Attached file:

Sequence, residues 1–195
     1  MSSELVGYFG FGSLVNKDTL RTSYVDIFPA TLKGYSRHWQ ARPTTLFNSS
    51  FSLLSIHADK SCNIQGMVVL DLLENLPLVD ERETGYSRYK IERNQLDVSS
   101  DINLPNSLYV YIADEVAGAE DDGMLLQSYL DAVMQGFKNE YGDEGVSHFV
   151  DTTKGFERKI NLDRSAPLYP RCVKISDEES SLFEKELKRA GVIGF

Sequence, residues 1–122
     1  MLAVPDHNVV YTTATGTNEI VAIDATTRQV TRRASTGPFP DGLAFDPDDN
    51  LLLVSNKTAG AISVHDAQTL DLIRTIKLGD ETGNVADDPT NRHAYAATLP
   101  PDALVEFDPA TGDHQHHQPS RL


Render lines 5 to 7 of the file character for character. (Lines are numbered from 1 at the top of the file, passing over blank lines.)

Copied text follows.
   151  DTTKGFERKI NLDRSAPLYP RCVKISDEES SLFEKELKRA GVIGF

Sequence, residues 1–122
     1  MLAVPDHNVV YTTATGTNEI VAIDATTRQV TRRASTGPFP DGLAFDPDDN